630. Mumps Outbreak in a Boarding School: An Assessment of Exposure Risks and Illness Perceptions - Philadelphia, PA 2010
Session: Poster Abstract Session: Pediatric Vaccines
Friday, October 21, 2011
Room: Poster Hall B1
Handouts
  • Yeshiva Mumps Outbreak Survey Poster_IDSA_2011.pdf (131.9 kB)
  • Background: From October 15–December 10, 2010 we investigated an outbreak of mumps among students at an all-male Orthodox Jewish boarding school. Thirty-nine cases of mumps were identified (18% attack rate) among students. Although 88% of the students had two doses of measles, mumps and rubella vaccine, a vaccination clinic was conducted on November 8th to help control the outbreak. At the conclusion of the outbreak, risk factors that may have influenced transmission were examined through a retrospective cohort study.    

     

    Methods: Cases were identified as any student with self-reported parotitis, jaw swelling, or jaw pain, with onset after October 15, 2010. On December 21, 2010 all students received a survey that asked about any illness experienced during the outbreak, daily habits, and perceptions of illness. The relative risk (RR) of illness was calculated. 

     

    Results: A total of 170 students (77% response rate) completed the survey. The median age was 17 years for cases (n=33) and students without mumps (n=137). There was no increased risk of illness for students sleeping most nights in a dormitory room vs. sleeping at home (RR=0.43, confidence interval [95% CI] 0.17, 1.08), or for students with two or more roommates compared to those with one roommate (RR=1.08, 95% CI 0.57, 2.08). Both cases and students without mumps reported contact with a median five students who were ill with mumps, however spending more than two hours of face-to-face contact did not increase the risk for mumps (RR = 1.47, 95% CI 0.65, 3.38). The risk for illness was not increased for students who thought mumps was a serious illness, students who believed there was a real outbreak at the school, or students concerned about their risk of contracting mumps (p>0.05).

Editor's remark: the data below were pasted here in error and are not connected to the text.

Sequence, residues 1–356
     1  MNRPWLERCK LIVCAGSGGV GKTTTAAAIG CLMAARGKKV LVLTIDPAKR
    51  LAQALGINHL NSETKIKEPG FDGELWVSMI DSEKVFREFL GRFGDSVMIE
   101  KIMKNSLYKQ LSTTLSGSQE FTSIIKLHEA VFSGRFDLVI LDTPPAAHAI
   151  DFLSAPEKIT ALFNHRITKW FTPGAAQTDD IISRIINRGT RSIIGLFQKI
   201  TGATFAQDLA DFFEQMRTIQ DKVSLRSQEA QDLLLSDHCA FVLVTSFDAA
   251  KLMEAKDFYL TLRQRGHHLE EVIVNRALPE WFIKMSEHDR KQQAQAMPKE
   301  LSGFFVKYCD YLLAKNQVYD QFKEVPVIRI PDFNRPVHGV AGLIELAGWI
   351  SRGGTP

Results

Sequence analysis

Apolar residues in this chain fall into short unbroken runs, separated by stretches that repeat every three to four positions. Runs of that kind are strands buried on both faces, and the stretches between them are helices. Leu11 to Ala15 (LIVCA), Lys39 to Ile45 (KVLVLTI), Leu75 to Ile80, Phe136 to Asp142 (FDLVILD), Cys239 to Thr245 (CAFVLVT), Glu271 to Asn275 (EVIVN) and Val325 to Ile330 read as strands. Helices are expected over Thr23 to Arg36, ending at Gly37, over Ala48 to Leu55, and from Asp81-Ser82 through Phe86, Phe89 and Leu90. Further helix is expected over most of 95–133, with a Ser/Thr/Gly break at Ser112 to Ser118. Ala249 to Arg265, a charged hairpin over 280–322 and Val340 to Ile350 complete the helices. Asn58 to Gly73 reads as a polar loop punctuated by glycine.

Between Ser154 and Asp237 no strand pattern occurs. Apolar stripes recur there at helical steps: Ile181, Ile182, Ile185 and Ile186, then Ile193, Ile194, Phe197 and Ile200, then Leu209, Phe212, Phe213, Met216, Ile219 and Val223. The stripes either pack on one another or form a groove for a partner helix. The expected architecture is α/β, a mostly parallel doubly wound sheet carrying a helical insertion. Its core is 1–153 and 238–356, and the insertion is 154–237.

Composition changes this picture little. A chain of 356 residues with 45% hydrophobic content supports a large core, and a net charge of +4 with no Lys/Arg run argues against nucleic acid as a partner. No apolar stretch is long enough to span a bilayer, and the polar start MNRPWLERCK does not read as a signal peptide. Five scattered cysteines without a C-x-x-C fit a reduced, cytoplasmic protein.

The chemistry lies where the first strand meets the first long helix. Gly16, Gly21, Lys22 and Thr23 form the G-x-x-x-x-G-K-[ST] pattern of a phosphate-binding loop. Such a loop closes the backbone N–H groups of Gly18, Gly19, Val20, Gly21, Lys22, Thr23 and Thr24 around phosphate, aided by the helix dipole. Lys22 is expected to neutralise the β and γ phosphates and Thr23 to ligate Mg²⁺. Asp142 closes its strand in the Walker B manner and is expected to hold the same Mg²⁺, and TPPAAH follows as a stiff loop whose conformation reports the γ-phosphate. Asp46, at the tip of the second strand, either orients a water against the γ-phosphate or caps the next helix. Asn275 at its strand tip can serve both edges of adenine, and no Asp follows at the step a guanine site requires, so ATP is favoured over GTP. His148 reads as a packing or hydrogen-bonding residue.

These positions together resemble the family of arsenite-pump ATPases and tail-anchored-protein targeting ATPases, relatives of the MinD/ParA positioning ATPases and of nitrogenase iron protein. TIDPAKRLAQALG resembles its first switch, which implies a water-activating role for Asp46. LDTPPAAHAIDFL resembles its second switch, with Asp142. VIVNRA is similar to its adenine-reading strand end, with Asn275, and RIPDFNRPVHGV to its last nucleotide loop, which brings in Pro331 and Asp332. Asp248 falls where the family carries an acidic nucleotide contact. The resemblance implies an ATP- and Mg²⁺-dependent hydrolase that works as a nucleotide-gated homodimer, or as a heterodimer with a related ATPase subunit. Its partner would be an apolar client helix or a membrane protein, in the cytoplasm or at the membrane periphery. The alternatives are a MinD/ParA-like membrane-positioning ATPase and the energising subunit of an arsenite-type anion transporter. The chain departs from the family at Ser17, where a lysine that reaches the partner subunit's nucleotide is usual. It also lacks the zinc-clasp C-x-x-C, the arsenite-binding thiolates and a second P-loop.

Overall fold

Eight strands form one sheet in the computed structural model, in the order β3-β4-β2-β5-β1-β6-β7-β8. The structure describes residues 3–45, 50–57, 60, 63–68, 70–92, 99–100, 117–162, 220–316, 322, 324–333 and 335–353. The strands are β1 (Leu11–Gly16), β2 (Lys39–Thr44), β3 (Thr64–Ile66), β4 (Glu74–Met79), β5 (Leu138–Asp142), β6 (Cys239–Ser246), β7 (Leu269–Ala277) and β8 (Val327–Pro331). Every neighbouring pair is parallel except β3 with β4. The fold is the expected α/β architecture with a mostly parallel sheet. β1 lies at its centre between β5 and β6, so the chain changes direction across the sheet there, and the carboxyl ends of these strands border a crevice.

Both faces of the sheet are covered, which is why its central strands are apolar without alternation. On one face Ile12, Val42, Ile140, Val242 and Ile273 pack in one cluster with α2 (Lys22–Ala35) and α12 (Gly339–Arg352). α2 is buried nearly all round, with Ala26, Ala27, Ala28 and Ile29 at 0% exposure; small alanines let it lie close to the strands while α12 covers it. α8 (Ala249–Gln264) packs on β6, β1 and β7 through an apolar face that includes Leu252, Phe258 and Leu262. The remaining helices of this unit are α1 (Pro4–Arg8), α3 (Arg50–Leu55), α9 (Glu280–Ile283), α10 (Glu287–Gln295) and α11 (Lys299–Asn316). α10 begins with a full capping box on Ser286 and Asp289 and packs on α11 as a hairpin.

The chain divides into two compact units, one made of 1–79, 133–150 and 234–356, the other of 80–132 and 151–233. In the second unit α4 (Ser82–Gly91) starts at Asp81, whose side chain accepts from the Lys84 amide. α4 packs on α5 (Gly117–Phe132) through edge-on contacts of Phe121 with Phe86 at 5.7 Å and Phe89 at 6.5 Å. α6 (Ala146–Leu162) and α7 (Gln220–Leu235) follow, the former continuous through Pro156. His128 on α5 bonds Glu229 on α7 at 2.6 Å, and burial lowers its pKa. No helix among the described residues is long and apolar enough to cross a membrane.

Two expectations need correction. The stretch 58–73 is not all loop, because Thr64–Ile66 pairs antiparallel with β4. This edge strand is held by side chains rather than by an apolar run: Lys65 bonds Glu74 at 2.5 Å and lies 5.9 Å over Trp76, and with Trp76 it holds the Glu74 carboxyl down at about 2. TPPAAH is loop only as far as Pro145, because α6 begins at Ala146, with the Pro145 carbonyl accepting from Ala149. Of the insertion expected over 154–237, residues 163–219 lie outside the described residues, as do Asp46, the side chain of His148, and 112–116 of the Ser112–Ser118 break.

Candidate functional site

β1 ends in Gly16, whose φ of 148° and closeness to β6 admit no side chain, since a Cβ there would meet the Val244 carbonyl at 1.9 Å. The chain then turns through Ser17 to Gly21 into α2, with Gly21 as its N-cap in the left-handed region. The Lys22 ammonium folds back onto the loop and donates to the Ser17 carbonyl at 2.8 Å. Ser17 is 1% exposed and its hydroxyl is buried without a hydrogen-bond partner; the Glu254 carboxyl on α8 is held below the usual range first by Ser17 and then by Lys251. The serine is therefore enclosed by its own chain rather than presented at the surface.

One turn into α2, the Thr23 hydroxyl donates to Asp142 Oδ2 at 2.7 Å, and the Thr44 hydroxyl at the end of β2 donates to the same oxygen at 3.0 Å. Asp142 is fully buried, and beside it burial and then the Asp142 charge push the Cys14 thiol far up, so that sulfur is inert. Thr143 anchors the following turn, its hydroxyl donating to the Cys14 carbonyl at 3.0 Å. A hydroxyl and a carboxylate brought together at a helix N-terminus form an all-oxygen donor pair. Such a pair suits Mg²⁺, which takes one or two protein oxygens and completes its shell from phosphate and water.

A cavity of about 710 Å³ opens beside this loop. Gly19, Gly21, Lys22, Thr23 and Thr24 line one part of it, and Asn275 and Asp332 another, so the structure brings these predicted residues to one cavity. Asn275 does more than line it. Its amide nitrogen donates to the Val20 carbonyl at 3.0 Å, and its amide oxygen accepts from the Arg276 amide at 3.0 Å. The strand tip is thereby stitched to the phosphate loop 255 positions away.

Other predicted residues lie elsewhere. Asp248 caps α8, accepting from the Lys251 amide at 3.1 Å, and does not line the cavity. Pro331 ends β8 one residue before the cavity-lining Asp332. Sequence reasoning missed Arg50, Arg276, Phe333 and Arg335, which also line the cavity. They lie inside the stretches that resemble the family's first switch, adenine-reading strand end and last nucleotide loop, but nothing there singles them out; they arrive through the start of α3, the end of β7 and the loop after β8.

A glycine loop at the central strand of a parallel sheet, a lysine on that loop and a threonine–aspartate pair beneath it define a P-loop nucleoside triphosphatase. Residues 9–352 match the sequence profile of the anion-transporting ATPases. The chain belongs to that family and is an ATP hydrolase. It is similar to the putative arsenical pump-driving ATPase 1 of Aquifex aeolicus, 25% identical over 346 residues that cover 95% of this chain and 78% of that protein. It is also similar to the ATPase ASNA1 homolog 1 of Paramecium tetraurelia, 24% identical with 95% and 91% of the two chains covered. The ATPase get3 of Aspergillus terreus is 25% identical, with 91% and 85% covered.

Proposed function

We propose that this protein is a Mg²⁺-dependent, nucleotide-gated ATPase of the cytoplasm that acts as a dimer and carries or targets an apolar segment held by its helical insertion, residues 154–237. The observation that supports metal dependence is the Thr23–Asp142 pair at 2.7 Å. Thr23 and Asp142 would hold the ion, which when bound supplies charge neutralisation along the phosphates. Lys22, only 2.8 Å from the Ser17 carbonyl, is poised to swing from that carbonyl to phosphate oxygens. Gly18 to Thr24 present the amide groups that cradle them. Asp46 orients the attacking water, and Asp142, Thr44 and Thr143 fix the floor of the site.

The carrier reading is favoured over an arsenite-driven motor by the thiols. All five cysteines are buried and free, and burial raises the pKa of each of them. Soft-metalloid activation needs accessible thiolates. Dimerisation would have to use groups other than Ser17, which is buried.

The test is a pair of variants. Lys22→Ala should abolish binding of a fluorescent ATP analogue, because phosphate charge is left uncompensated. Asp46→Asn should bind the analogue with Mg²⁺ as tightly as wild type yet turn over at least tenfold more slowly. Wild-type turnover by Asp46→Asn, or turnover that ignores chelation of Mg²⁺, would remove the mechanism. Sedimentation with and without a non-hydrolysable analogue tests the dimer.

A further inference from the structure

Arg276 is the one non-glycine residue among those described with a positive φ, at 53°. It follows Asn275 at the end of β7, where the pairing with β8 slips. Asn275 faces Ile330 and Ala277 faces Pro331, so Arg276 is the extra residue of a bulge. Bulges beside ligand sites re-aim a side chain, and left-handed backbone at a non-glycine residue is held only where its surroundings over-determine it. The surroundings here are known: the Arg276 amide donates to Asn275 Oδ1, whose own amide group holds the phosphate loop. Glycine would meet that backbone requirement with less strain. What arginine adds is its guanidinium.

Conclusion: Student’s sleeping arrangements, relationships with ill students, and beliefs about mumps illness did not contribute to the risk of acquiring mumps within this outbreak. The control of mumps in a closed environment may continue to rely on herd immunity in conjunction with early detection and vigilant public health interventions.


    Subject Category: I. Adult and Pediatric Vaccines

    Crystal Witherspoon, MPH1, Eric Foster1, Caroline C. Johnson, MD1 and Ami S. Patel, PhD2, (1)Division of Disease Control, Philadelphia Department of Public Health, Philadelphia, PA, (2)Career Epidemiology Field Officer Program, Centers for Disease Control and Prevention, Philadelphia, PA

    Disclosures:

    C. Witherspoon, None

    E. Foster, None

    C. C. Johnson, None

    A. S. Patel, None

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